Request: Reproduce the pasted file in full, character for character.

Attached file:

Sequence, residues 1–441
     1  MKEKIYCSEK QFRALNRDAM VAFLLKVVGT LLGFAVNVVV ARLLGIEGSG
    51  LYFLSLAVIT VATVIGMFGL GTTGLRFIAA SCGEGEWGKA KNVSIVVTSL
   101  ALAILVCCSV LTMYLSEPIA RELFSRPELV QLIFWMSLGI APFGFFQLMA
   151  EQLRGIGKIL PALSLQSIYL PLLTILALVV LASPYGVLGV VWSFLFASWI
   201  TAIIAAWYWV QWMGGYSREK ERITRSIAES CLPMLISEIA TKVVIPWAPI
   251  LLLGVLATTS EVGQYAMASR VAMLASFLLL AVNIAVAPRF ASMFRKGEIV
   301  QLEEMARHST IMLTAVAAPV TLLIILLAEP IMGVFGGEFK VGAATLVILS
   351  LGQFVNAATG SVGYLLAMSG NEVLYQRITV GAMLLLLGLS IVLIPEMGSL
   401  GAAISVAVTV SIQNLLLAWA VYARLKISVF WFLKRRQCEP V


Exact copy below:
Sequence, residues 1–441
     1  MKEKIYCSEK QFRALNRDAM VAFLLKVVGT LLGFAVNVVV ARLLGIEGSG
    51  LYFLSLAVIT VATVIGMFGL GTTGLRFIAA SCGEGEWGKA KNVSIVVTSL
   101  ALAILVCCSV LTMYLSEPIA RELFSRPELV QLIFWMSLGI APFGFFQLMA
   151  EQLRGIGKIL PALSLQSIYL PLLTILALVV LASPYGVLGV VWSFLFASWI
   201  TAIIAAWYWV QWMGGYSREK ERITRSIAES CLPMLISEIA TKVVIPWAPI
   251  LLLGVLATTS EVGQYAMASR VAMLASFLLL AVNIAVAPRF ASMFRKGEIV
   301  QLEEMARHST IMLTAVAAPV TLLIILLAEP IMGVFGGEFK VGAATLVILS
   351  LGQFVNAATG SVGYLLAMSG NEVLYQRITV GAMLLLLGLS IVLIPEMGSL
   401  GAAISVAVTV SIQNLLLAWA VYARLKISVF WFLKRRQCEP V